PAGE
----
NSS Convention ~ July 25-30, 2021

Dave Bunnell image - Medicine Lake area

Medicine Lake Highlands

  • Excerpted from USGS and USFS Publications

The Medicine Lake Highlands were formed with the development of a broad shield-shaped volcano. The center block collapsed along fractured lines, creating an enclosed basin or caldera, 6 miles long by 4 miles wide. Lava then squeezed up the fracture lines forming rim volcanoes. The volcanoes discharged lava onto the caldera floor and down the outer edges of the original lake. While Mount Shasta provides a stunning visual display, it was actually the Medicine Lake volcano that created the hundreds of lava caves in the region.

Medicine Lake Highlands encompasses over 200 square miles and is one of North America's most unique geological areas. One of its most interesting volcanic formations is the Glass Mountain Obsidian Flow. Another feature, Medicine Lake, has no known outlets yet the water remains clean and clear. It lies within the volcanic caldera of the volcano.

Medicine Lake volcano is located at the intersection of major tectonic features including the northwestern extension of the Walker Lane fault zone. The volcano is positioned at a kink where northwest-trending faults entering the volcano from the south turn to the northeast, and then back to northwest. Therefore, it is located within a zone of crustal weakness that likely provides a preferred pathway for magmas to reach the surface; the regional fault trends are the primary control on vent locations.

Medicine Lake Volcano

Geologists examine tephra deposits to better understand the early eruptive behavior of the Medicine Lake Volcano, evidence of which can be found as far away as central Oregon. Widespread tephra deposits form stratigraphic markers that help decipher eruptive histories at other volcanoes in the region and are sometimes used by archeologists to help determine the age of prehistoric human activities. Photo by David Ramsey, USGS

The volcano is constructed mainly of mafic lavas, although drillhole data indicate that a larger volume of rhyolite is present than is indicated by surface mapping. Basalt and basaltic andesite dominate the lower flanks, but higher on the volcano, basaltic lavas are mostly absent, andesite dominates, and high-silica lavas are present.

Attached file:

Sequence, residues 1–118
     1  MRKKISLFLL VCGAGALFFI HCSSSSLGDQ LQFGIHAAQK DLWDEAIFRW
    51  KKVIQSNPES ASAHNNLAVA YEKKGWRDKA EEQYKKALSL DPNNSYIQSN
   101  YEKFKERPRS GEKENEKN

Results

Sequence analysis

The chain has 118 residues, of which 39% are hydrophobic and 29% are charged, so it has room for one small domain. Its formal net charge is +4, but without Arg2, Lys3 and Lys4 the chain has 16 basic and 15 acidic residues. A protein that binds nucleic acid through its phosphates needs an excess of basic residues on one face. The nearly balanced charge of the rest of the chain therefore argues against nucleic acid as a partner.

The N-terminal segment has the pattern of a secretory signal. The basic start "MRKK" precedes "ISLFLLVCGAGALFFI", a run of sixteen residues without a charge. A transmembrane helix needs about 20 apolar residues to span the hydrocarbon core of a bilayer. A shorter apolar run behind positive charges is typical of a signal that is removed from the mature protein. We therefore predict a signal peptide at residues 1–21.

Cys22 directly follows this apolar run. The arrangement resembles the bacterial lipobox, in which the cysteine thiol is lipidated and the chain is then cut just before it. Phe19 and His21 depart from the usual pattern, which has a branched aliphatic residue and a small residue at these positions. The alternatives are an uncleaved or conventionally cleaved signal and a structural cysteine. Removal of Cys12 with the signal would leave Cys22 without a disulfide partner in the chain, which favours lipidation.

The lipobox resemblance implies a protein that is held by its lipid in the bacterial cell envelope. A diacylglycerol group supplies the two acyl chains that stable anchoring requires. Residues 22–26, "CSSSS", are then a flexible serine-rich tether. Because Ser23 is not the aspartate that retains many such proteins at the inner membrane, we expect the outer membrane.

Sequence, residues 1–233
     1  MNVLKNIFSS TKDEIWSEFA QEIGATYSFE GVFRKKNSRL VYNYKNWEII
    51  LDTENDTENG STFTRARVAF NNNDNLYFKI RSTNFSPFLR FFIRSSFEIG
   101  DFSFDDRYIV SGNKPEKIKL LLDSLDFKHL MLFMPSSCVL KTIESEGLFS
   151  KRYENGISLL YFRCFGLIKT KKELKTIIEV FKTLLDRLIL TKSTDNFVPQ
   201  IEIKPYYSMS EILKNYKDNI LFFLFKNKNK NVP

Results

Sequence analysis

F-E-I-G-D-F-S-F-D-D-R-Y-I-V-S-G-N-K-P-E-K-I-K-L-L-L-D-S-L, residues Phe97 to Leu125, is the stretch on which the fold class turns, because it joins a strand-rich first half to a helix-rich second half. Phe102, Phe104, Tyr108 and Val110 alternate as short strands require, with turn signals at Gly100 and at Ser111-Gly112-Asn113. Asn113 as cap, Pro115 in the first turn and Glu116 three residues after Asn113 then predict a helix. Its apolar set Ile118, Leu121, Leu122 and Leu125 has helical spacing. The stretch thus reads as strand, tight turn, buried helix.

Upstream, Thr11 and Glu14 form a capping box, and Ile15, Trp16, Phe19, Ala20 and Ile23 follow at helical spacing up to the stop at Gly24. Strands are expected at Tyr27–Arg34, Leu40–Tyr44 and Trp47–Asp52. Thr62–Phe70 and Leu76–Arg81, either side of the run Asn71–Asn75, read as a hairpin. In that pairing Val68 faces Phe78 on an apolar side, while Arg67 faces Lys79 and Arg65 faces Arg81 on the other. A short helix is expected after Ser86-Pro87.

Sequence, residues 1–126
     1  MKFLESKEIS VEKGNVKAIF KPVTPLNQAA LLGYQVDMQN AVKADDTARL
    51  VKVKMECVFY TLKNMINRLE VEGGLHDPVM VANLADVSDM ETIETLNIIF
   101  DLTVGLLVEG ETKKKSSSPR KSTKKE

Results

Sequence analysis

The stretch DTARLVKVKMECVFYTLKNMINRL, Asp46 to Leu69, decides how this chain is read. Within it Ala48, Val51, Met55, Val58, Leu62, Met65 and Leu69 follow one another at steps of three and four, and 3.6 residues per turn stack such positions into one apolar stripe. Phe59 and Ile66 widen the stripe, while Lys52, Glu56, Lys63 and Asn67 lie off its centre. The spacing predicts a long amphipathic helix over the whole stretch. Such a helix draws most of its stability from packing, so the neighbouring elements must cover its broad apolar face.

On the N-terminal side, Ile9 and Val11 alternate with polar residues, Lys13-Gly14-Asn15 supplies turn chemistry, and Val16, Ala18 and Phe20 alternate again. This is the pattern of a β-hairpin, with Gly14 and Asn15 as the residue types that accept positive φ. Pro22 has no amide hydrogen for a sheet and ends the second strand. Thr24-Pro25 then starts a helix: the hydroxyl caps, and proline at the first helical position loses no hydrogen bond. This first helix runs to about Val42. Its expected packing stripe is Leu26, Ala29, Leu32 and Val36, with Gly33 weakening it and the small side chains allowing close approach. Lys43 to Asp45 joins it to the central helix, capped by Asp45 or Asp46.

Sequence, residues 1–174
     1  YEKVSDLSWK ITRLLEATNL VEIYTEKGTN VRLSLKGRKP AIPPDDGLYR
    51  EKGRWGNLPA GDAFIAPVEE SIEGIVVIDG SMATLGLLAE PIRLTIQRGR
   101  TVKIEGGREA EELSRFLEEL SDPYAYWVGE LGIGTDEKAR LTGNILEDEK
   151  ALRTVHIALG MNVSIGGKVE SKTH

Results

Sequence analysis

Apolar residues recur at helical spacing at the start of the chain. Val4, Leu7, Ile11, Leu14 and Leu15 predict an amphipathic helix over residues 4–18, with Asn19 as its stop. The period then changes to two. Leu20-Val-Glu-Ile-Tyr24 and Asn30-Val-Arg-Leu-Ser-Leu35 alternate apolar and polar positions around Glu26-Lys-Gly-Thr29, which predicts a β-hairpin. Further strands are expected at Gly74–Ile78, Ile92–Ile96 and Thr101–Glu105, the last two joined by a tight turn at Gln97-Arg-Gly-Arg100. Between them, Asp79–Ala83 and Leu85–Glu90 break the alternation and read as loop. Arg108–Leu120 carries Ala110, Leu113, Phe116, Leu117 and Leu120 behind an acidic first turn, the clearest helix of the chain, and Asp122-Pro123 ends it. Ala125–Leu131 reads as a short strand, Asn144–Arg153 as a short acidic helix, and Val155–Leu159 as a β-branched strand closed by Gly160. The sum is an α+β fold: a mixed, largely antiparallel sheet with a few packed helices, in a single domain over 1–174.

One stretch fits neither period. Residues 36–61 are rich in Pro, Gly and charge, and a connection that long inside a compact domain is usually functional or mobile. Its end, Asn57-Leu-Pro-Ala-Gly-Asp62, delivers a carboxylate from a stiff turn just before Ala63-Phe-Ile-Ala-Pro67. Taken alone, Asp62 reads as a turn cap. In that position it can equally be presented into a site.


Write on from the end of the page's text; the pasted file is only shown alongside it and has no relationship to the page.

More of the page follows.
Drillhole data indicate that the plateau surface underlying the volcano has been downwarped by 0.5 kilometer under its center. Therefore, the volcano may be even larger than the estimated 143 cubic miles - already the largest volcano by volume in the Cascade Range. The highest point on the rim of Medicine Lake volcano's caldera is 7,913 feet. Lava flows reach elevations as low as 3,360 feet, although most lavas are found above 4,100 feet - the approximate elevation of the surrounding Modoc Plateau.

Obsidian and pumice abound in the highlands and have been used by people through the ages. The area evidences thousands of years of Native American use. Glass Mountain was used as an obsidian quarry. Obsidian was prized for making sharp-edged tools, and was a popular trade item to other tribes from as far away as 100 miles.

Glass Mountain at Medicine Lake

Collecting obsidian anywhere in the Medicine Lake Highlands is prohibited by law. The Modoc National Forest has four obsidian mines in the Warner Mountains near Davis Creek, Calif. on the east side of the forest where it is legal to collect obsidian with a free collection permit available at Forest offices in Alturas and Cedarville. Photo by Matt Bowers, NSS

Obsidian in all forms covers hundreds of acres at Glass Mountain in the Medicine Lake Highlands. In the 1960's, NASA astronauts trained for future moon landings in the pumice fields of the highlands. Pumice has been quarried here for building materials and, more recently, used in creating the "stone washed" look of denim.

Lava Beds National Monument encompasses about 73 square miles on the northern flank of Medicine Lake volcano and displays mostly basaltic and some andesitic lavas. Established in 1925, the monument includes sites of many important battles of the Modoc Indian War of 1872-73. It is also known for scores of lava-tube caves and for well-preserved young volcanic features.

Medicine Lake Highlands is also an area of moderately sloping to steep mountains. Vegetation consists of sugar pine, red and white fir and at higher elevations lodgepole pine with an understory of bitterbrush, manzanita and snowbrush. Snow usually closes the Medicine Lake area from mid-November through mid-June. During this time, an average of 10 feet of snow prohibits access by all but over-the-snow vehicles and cross country skiers. The combined total of the trails in all three forests is over 200 miles.

Glass Mountain, Medicine Lake